When we eventually get back to work again, I reckon we'd be lucky to be on 75% of our previous incomes, and that's for those fortunate enough to have a job. Even airlines which were profitable and had substantial cash reserves are being hammered, there are very few which won't need a bail out or some form of rescue package, and the list gets shorter everyday this goes on.

Any government support will come with a long list of conditions, one of which will certainly be a "realistic" wage deal with the employees. There will be very little sympathy for someone previously on $250 000 a year having their pay cut to $180 000 when millions of people are out of work. Anyone such as baggage handlers and flight attendants in QF whose pay and conditions are substantially higher than those in similar jobs, simply because it's Qantas, will see their pay brought back to rates comparable to what other Australians doing the same work will be getting.

Very few sectors will have any bargaining power with their employers except for example dockers, police and emergency services.

There will be little scope for enterprise bargaining until the industry is back on its feet again which will take years. There are very few of us who will be back at work on our old terms and conditions, I was going to say current terms and conditions but with so many redundancies, lay offs and groundings the contract you have at the moment is past tense.

One upside is that everyone is in the same boat and the financial institutions know it, so renegotiating current loans to a longer term at a lower interest rate will be relatively easy. Also prices will fall so anyone who's reasonably cashed up will be able to pick up a few bargains.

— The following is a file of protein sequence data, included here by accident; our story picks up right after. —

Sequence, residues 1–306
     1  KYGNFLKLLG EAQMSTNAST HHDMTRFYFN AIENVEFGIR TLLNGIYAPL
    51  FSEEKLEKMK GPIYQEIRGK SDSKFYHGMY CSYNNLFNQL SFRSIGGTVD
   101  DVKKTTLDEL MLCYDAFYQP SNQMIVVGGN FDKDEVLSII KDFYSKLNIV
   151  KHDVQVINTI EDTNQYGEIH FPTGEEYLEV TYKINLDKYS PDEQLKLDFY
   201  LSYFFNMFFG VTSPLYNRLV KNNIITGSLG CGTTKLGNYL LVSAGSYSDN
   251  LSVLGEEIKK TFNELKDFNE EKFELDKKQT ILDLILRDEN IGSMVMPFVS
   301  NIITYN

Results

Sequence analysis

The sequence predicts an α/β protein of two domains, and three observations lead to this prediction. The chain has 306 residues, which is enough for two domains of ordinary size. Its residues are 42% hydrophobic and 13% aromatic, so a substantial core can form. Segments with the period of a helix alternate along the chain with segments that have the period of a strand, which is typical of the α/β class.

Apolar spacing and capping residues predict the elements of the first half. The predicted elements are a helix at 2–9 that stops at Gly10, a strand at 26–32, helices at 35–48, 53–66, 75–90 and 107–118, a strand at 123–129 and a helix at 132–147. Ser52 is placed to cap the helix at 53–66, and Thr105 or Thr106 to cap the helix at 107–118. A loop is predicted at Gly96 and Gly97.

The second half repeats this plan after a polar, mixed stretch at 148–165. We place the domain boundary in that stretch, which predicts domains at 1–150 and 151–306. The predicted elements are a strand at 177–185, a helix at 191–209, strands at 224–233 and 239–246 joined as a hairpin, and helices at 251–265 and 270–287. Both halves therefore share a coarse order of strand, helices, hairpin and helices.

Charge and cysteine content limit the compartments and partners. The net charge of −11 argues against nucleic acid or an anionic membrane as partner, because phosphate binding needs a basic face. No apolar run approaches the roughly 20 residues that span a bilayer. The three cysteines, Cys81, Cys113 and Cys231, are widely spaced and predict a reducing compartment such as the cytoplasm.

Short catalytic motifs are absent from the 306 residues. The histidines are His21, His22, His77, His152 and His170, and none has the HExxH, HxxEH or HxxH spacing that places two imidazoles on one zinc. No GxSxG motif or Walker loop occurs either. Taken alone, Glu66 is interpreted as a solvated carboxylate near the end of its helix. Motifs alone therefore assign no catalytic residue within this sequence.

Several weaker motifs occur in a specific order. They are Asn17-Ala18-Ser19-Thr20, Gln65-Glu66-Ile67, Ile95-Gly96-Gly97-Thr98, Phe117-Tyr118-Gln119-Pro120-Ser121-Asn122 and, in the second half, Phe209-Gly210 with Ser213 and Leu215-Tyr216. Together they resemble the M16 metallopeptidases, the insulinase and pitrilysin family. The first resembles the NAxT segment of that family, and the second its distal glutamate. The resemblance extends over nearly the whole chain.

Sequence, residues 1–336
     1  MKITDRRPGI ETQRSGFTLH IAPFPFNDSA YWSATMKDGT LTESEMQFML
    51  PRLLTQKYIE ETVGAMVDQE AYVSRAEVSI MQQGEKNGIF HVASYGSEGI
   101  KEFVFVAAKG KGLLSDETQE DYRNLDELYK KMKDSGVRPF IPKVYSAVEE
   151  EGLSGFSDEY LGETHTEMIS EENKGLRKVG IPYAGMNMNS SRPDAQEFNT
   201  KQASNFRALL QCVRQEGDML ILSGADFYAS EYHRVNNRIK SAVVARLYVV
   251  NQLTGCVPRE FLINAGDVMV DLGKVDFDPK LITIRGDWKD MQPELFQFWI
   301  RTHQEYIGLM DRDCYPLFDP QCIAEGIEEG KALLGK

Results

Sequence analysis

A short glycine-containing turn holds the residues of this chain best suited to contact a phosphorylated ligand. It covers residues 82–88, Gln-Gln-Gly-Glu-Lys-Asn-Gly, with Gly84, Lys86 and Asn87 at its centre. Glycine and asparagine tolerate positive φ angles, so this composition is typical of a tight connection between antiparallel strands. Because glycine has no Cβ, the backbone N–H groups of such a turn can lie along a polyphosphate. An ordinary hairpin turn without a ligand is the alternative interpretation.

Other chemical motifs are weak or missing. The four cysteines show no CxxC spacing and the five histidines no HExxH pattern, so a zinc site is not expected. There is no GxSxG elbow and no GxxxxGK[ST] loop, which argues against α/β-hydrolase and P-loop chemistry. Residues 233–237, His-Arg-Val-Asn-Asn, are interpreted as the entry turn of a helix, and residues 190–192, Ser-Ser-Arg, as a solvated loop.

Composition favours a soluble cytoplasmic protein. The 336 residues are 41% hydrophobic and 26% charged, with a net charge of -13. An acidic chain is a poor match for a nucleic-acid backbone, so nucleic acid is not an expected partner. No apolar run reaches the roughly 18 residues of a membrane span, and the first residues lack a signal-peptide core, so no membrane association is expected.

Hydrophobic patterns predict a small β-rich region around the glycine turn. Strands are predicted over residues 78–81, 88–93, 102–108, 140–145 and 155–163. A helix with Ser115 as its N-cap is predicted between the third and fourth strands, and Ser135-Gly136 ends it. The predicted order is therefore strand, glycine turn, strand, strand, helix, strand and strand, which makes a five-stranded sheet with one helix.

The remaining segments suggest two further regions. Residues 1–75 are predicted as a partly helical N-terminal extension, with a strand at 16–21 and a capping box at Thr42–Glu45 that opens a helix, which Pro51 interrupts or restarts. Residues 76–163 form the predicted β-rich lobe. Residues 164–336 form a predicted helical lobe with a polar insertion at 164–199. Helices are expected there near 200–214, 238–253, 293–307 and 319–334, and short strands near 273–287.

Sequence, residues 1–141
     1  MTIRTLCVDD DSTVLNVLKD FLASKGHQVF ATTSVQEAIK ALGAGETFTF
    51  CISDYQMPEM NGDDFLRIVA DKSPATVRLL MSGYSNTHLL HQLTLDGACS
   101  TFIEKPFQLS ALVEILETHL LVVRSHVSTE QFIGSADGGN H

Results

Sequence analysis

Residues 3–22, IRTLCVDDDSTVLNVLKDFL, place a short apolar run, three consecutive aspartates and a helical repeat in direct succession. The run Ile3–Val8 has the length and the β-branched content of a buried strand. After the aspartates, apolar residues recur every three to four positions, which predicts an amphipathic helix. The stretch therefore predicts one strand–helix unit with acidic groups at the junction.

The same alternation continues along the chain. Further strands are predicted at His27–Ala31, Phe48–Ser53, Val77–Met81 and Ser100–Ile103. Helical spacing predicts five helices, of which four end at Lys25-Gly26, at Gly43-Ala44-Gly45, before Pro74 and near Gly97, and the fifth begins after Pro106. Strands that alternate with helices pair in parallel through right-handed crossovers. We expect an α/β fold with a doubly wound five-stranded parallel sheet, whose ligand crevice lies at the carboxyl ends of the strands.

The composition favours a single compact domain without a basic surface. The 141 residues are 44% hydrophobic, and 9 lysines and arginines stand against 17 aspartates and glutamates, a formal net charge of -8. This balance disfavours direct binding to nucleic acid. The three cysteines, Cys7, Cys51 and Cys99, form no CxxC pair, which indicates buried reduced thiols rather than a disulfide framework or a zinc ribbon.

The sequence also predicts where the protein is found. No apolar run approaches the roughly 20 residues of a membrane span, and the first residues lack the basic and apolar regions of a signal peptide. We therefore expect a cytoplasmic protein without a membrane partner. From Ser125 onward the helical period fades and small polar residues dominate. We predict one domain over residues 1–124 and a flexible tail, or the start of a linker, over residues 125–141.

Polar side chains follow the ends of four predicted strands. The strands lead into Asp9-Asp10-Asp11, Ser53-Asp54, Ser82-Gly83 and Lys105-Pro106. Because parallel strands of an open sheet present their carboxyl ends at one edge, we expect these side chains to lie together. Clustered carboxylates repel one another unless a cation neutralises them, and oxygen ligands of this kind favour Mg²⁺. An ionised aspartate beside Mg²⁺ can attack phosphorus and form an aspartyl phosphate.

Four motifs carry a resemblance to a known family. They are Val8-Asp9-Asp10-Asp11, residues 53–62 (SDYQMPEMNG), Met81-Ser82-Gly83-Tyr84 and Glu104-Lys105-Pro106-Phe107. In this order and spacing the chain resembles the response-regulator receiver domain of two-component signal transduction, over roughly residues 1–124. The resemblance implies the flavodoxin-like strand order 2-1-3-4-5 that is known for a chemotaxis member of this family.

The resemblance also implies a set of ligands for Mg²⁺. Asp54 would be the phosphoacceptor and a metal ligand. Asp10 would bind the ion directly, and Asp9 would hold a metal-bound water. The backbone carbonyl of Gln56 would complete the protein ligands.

Lapon 5th Apr 2020 04:23


I was going to say current terms and conditions but with so many redundancies, lay offs and groundings the contract you have at the moment is past tense.
If your airline survives and you keep your job your contract is not going to change.
Pilot wages and conditions in this part of the world have rarely been dictated by supply and demand.

PoppaJo 5th Apr 2020 05:35

The guys in Singapore, Vietnam or Japan wonít have choice. No Union No Choice.

Jetstar Asia will probably slash Pilot Remuneration considerably. Expect 10 or 20% cuts. Tiger Singapore did this about a decade ago, didnít go down well, but the industry didnít crash, just high fuel prices. As the market was relatively stable and big twin jobs were available, they lost half the captains almost instantly.

Back then, you cut pilot wages and everyone walked and went to Qatar or Emirates. Management will be well aware that there isnít many jobs for those to escape to now, so the wider group will just have to suck it up.

I have been talking to many who say they hope their company will ask for Voluntary Redundancies, as they are 2-3 years away from retiring, but itís going to be a slow and miserable last few years of the career, so take the cash and run.

Obviously they canít chop and change current agreements here as such, but I imagine it would be more culling, than attempting to change conditions. Eg. Jetstar entire 787 fleet parked, sold and pilots made redundant. The long haul leisure market is the pain point, Air Asia X is probably finished. They could barely pay their leases last month according to some reports. Scoot will be the long term survivor, although I might be nervous if I was on the 787 there.